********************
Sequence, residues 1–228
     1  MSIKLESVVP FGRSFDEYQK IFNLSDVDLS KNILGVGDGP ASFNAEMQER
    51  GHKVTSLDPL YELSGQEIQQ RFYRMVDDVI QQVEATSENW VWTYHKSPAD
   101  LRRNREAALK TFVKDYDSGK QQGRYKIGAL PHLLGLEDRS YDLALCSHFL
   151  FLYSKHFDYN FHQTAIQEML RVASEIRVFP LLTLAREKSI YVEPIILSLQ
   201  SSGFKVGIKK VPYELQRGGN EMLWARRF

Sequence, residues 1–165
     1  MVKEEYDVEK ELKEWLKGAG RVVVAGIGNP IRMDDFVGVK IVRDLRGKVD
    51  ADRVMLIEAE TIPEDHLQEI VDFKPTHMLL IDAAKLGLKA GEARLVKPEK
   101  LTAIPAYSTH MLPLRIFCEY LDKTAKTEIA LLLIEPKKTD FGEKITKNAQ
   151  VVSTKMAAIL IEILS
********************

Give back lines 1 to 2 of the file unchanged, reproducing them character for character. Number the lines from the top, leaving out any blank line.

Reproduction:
Sequence, residues 1–228
     1  MSIKLESVVP FGRSFDEYQK IFNLSDVDLS KNILGVGDGP ASFNAEMQER